"A problem never exists in isolation; it is surrounded by other problems in space and time. The more of the context of a problem that a scientist can comprehend, the greater are his chances of finding a truly adequate solution."
-Russell L. Ackoff, Systems Theorist
How do we come to the conclusion that our way of attempting to solve a problem is the most effective way to solve it?
How do we integrate feelings and logic into our decision making?
The above questions are important for us to think about not only for bigger decisions that relate to safety and security, but also in terms of how we interact with others on a daily basis in our homes and communities.
Our belief that the strategy we are using to solve a problem is the best or only way to go about it can narrow our attentional focus and limit our repertoire of what is actually possible. What many of us don't realize is that many of the ways we react to challenges and attempt to navigate those challenges are influenced by the roles we play within the various hierarchies and social systems we are a part of. These roles can also be influenced significantly by our biology and level of physical vulnerability, and other forms of vulnerability that relate to our neural and behavioral resources, which are influenced by many overlapping systems and past experiences.
The things you notice and prioritize are part of your attentional bias. These biases are influenced by many factors, including your accumulated social experiences, level of executive functioning, and awareness of the fact that you have an attentional bias. AN example of an attentional bias would be noticing specific facial features that are more likely to indicate aggression, and interpreting a higher number of neutral expressions as aggressive or negative. These types of distortions are controlled by the eye muscles and where they direct our attention. And these micro movements are part of what can be called subcortical shortcuts - algorithms your brain-body uses based on past statistics and salient or highly emotional data you have gathered over time (particularly when you were young). These algorithms are a way of the brain-body system to be more efficient and allocate resources according to what it has already experienced.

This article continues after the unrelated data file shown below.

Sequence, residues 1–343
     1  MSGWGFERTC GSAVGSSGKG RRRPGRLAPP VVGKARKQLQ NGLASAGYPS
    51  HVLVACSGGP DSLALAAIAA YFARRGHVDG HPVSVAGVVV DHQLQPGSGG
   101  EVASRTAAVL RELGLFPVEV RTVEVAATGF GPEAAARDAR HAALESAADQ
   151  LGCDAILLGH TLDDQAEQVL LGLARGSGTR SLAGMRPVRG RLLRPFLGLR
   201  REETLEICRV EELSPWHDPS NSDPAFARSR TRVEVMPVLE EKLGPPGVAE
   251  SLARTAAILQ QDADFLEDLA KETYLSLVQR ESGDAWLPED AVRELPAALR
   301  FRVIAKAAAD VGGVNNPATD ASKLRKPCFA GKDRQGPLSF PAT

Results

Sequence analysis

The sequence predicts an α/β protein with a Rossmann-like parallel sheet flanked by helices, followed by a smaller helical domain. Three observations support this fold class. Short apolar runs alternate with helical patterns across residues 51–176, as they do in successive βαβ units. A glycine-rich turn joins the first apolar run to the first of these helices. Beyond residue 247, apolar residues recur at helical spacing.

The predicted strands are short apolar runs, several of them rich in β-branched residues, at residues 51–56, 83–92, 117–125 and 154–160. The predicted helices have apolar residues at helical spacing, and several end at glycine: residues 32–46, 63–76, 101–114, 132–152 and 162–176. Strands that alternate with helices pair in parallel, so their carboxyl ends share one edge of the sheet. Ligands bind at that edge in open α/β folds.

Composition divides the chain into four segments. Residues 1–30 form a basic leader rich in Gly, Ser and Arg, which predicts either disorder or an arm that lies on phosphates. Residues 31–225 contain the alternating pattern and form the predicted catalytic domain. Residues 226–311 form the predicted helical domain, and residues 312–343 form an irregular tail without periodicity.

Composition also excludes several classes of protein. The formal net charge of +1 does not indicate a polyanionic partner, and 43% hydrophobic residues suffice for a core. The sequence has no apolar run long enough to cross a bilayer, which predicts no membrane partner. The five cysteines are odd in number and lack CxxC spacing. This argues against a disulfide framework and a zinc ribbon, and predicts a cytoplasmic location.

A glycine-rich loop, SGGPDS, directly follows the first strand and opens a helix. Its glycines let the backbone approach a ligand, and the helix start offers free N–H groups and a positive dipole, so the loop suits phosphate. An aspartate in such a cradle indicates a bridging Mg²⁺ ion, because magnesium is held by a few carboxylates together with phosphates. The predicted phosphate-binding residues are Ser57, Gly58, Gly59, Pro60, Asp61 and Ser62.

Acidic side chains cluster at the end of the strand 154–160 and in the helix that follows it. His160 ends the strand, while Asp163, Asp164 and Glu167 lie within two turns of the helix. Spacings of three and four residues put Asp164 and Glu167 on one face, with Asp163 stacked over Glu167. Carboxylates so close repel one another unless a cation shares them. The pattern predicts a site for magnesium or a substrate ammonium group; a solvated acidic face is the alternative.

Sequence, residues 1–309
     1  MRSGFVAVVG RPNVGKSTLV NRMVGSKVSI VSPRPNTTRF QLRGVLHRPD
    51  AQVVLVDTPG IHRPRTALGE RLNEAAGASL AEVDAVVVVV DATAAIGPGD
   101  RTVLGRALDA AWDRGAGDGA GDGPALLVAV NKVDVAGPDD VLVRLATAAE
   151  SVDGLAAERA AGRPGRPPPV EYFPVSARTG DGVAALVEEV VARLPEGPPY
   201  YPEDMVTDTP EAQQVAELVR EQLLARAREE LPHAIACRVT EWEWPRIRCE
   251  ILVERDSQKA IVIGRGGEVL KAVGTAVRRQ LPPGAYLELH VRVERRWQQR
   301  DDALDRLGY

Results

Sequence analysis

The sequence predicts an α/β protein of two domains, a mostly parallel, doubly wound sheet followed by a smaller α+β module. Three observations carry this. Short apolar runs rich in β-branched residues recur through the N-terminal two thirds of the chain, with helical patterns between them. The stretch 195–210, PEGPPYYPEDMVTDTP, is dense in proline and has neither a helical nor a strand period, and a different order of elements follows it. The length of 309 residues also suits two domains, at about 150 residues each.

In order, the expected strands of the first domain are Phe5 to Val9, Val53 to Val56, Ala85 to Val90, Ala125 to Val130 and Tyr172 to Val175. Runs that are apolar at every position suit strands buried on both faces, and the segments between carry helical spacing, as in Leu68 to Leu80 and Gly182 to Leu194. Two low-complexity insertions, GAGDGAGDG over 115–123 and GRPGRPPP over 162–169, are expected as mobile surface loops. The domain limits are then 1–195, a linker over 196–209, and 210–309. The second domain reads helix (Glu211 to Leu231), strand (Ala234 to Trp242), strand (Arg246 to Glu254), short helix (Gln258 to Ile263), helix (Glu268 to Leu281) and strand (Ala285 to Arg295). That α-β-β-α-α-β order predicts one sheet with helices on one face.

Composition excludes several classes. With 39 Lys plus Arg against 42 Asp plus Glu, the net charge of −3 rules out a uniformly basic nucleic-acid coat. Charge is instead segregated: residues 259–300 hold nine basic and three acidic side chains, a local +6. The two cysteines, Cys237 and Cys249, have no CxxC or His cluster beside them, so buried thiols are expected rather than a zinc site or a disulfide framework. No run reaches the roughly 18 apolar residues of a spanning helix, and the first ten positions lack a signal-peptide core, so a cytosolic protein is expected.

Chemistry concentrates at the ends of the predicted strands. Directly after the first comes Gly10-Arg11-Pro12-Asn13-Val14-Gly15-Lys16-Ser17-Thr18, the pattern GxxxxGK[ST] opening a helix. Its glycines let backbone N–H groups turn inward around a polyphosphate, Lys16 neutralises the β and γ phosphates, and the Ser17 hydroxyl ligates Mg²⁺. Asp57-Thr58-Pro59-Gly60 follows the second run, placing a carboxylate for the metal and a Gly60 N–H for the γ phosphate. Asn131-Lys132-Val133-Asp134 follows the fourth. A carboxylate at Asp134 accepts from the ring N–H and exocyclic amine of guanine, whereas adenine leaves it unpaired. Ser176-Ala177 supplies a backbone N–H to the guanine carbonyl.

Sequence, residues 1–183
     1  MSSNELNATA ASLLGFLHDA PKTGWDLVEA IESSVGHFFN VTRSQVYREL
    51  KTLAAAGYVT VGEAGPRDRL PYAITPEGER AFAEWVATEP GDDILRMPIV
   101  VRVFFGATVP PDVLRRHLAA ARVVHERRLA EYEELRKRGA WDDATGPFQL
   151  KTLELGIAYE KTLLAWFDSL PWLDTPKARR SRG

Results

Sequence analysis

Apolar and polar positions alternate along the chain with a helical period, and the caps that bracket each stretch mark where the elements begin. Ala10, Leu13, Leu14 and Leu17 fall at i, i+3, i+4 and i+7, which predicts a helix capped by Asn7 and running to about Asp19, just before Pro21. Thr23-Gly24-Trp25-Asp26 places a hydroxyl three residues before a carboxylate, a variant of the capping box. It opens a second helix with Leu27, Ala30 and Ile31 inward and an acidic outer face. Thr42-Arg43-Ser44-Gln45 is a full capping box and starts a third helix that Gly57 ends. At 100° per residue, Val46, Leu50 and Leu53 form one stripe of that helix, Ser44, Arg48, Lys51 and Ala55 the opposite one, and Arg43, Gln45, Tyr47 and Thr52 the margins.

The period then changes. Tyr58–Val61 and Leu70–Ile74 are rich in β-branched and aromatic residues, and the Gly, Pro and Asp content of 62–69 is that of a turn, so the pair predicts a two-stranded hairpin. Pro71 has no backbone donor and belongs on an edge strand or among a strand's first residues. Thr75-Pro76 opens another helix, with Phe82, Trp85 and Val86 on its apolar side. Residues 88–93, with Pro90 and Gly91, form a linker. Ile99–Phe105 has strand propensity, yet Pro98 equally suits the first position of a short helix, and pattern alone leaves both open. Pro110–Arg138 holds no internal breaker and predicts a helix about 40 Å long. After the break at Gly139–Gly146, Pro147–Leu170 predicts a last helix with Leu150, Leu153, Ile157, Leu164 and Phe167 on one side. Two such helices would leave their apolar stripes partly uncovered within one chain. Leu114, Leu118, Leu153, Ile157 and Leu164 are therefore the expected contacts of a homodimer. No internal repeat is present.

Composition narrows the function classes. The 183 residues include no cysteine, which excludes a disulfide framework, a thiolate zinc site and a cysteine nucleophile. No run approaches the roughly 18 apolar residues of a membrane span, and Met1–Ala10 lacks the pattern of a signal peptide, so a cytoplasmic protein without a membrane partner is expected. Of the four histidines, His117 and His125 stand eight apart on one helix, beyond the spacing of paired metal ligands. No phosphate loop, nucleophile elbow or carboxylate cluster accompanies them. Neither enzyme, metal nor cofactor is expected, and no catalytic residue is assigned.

The challenge is that we may misinterpret or narrow our focus onto aspects of a situation that then narrow our thought-action repertoire and problem-solving capacities.
In my interview with Gina Bennett,, we discuss some of these types of biases and and how we may be get better at finding powerful solutions by expanding who we include as potential sources of wisdom for solving problems
Gina Bennett is a former CIA counterintelligence expert and current adjunct professor at Georgetown University. Her mission is to include a wider diversity and range of perspectives, mindsets and types of intelligence into national security policy and decision making.
Please note that I’ll be taking July and August to work behind the scenes, finishing my book edits, some side projects and creating a series of short youtube videos to complement my book on the biomechanics and neuroscience of communication, attachment and systems thinking.
I’ll also be launching a 9-part seminar series this October, where we will meet one Tuesday evening per month until June and discuss various concepts from my book, engage in interactive and self-reflection exercises, and meet in small groups to build a sense of community with people who love to learn and talk about neuroscience and personal growth, societal evolution and relational wellbeing.
Early bird special! Sign up for one or all these workshops by July 28 and receive 10% off using this coupon code; SEMINARSERIES
Line-up of topics:
Seminar 1 Neuroplasticity and Early Childhood Experiences.
Seminar 2: Emotion Regulation and Regulatory Flexibility
Seminar 3: Attachment, Attunement and Affiliative Hormones
Seminar 4: Distortions in Communication and Cognition
Seminar 5: What are emotions? A look at appraisals and coping
Seminar 6: Face-Voice-Heart Connections. Frequencies and configurations.
Seminar 7: 'Use your words': How language helps us regulate
Seminar 8: Empathy and Social Understanding. How human minds understand intentions and internal states.
Seminar 9: Relational resilience: how to use neuroscience to build thriving families, partnerships and communities.
Sign up for one or all 🙂 Hope to see you there